– Be aware of the customs regulations of the country you are moving too. Certain items may be taxable or even banned. Ensure you keep a full inventory of your possessions.
– Make sure you are aware of all rules when transporting your pets to another country. It is important to keep their vaccination records up to date, as some need to be done ahead of time. Rules and regulations change frequently and the process is quite complex, so you may wish to use a pet relocation specialist.
– If you have children you will need to notify the school of his/her last day and advise that they will not be returning. The school should issue final report cards, education and immunisation certificates. These will be required when registering for a new school.
– You can request copies of your medical and dental records and this may be useful in the future.
– Review your investments to ensure you will not end up with tax liabilities in your new country of residence. The profits on certain plans may be taxable elsewhere and steps need to be taken in respect of certain bonds to avoid tax charges.
– For life cover you need to notify the insurance company of a new address for cover to remain valid.
– Do you need to close your bank accounts? It is not essential but if you are breaking all ties then you should probably do so. Emptying your account is not the same as closing it and could leave you with on-going charges that can build up and cause problems on re-entering the UAE. Ensure that you get written confirmation from your bank that there are no further liabilities. I have dealt with many cases where the unwary have been caught out so best to close all accounts properly on leaving.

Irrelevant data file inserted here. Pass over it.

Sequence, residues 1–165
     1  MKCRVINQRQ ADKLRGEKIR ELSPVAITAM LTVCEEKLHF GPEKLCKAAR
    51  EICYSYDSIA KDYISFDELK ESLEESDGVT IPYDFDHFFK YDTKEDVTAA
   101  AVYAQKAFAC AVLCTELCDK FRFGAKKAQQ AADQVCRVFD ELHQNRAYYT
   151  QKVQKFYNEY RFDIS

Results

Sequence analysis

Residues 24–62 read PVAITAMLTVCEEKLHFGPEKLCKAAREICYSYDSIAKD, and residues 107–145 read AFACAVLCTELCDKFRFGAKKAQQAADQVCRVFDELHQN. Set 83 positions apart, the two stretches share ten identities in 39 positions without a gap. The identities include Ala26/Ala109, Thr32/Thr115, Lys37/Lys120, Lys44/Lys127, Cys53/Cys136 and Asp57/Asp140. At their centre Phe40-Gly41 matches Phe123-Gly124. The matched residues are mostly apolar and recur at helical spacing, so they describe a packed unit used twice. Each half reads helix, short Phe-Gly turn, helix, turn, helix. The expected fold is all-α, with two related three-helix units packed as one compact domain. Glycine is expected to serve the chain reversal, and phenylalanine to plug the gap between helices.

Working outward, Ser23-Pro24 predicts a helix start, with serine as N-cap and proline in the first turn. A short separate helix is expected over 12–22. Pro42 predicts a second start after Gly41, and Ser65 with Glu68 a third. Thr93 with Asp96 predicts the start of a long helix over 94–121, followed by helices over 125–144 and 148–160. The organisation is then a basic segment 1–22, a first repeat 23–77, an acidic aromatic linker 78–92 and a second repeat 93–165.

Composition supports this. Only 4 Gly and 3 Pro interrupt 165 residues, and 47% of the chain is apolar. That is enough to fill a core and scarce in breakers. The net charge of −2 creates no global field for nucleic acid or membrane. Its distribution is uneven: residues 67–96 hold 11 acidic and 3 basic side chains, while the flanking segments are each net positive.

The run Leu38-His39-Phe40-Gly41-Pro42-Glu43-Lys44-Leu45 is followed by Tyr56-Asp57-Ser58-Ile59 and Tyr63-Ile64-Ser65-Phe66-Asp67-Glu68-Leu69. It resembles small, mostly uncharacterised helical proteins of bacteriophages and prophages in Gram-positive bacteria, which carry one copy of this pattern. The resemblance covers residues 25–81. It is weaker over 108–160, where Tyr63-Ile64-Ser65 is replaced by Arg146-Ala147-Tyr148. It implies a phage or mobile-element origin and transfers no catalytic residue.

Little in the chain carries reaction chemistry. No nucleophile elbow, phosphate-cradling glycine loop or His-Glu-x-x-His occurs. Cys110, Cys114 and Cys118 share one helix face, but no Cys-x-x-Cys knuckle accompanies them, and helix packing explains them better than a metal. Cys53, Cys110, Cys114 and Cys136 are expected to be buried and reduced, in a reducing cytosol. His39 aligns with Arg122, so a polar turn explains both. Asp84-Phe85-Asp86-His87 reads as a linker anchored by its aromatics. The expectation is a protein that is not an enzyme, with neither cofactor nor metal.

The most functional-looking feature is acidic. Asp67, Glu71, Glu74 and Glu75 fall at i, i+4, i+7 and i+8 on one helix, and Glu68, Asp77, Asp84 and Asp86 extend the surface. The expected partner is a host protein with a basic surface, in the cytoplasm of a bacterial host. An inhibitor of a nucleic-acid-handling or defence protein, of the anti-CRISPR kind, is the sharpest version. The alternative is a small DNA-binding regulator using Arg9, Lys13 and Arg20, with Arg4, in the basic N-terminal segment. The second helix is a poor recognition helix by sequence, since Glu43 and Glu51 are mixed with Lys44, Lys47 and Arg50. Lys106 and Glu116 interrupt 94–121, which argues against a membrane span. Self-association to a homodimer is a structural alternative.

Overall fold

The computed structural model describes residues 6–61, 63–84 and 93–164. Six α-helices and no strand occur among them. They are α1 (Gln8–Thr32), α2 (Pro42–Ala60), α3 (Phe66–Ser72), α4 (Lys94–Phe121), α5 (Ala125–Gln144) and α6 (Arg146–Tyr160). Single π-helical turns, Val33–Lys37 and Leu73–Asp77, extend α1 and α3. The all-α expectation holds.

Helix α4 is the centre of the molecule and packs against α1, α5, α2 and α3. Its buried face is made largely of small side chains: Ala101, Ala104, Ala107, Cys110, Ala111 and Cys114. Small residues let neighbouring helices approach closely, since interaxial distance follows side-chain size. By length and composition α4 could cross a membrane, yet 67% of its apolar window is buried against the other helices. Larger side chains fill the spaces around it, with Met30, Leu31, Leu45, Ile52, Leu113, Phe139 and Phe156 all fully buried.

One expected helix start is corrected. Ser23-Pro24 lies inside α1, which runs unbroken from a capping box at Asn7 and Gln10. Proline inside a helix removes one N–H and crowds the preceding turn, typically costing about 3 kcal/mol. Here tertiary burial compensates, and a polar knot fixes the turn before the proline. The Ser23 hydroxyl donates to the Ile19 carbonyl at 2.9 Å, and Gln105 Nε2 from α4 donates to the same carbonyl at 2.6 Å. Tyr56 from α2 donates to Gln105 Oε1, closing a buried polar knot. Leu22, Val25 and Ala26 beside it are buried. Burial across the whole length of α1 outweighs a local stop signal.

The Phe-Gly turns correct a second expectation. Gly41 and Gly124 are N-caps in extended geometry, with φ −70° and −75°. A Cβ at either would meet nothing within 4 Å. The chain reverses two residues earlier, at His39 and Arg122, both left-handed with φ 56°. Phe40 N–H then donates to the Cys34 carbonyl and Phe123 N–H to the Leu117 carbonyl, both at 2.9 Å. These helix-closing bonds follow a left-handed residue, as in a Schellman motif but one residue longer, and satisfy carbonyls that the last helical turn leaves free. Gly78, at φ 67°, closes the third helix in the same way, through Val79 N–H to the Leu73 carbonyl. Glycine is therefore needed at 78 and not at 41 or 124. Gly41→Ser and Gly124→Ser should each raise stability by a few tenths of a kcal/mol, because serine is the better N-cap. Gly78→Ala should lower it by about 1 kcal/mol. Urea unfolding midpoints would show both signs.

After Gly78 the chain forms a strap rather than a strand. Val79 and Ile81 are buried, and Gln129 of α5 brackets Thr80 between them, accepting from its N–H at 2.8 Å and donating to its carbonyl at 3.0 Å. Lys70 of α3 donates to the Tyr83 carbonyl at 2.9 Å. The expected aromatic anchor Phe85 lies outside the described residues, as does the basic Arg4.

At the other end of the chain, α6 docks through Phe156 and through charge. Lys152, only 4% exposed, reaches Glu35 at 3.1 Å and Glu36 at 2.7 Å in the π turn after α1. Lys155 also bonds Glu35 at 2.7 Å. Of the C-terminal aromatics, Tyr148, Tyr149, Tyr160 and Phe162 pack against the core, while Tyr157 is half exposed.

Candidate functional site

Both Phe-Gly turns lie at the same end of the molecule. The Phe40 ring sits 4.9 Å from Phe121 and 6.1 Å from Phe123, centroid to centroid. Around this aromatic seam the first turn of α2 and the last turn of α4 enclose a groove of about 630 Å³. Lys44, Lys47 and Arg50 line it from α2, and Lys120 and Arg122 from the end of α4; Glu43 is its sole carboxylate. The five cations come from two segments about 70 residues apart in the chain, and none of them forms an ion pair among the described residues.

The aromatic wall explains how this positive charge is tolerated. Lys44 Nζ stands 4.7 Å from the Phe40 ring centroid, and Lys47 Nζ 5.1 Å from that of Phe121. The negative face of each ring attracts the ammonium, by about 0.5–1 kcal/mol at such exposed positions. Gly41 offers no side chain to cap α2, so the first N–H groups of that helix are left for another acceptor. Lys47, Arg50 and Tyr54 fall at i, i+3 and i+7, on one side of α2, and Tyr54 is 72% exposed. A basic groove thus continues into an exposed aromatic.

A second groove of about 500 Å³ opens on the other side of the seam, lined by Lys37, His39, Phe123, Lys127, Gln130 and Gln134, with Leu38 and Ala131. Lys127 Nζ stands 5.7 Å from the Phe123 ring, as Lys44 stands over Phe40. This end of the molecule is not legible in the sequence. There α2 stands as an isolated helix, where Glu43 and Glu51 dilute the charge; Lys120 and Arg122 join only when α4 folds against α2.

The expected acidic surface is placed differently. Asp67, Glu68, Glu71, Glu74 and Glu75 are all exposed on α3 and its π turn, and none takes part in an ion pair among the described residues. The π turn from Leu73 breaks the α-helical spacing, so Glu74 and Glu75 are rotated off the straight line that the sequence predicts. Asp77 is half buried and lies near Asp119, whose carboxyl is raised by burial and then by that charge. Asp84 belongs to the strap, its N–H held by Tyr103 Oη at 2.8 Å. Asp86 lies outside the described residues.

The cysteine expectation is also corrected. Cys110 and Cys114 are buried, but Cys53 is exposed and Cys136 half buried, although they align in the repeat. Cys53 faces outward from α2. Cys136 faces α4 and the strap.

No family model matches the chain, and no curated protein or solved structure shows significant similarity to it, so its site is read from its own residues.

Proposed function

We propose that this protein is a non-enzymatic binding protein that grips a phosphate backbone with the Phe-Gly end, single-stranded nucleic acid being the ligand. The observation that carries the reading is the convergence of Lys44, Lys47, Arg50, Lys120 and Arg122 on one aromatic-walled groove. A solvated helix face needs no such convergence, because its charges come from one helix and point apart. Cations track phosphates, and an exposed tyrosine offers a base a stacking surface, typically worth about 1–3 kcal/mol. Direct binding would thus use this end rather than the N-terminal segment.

– If moving money to another currency, you can get better rates by using a currency exchange broker in place of your bank’s online service. Contact me for more details and an introduction to a fully regulated currency exchange company.
– If you are selling a car and have an outstanding loan it is a bit more complicated than a simple transfer of ownership. The remaining loan has to be cleared at the time of sale and you contact your bank to arrange to do this. The process can take time so allow up to two weeks.
– Don’t forget to cancel your Salik tag and pay outstanding traffic fines.
– Keep copies of all documentation and back this up by saving copies to an email account you can access from anywhere. You never know when you might need something and soft copies with information will often suffice.
– Find out if you need to register with the tax authorities in your new country of residence. British nationals returning to the UK should notify HMRC by way of form R85
so they are noted in the system.
– With all the last minute jobs it can be useful to stay in a hotel or serviced apartment for a few days so you are able to deal with the return of your DEWA deposit and other issues before you depart.
– No doubt we all know of people who have “done a runner” but this is neither prudent nor ethical, as any debts will not just disappear. Expatriates who abscond and/or leave debts could be blacklisted from re-entering the country for years to come, if not permanently. Any time that person is in a UAE airport, even in transit, they run the risk of having serious problems with the local authorities.
– For advice and assistance on the widest range of personal financial planning issues contact Keren at firstname.lastname@example.org. financialuae.me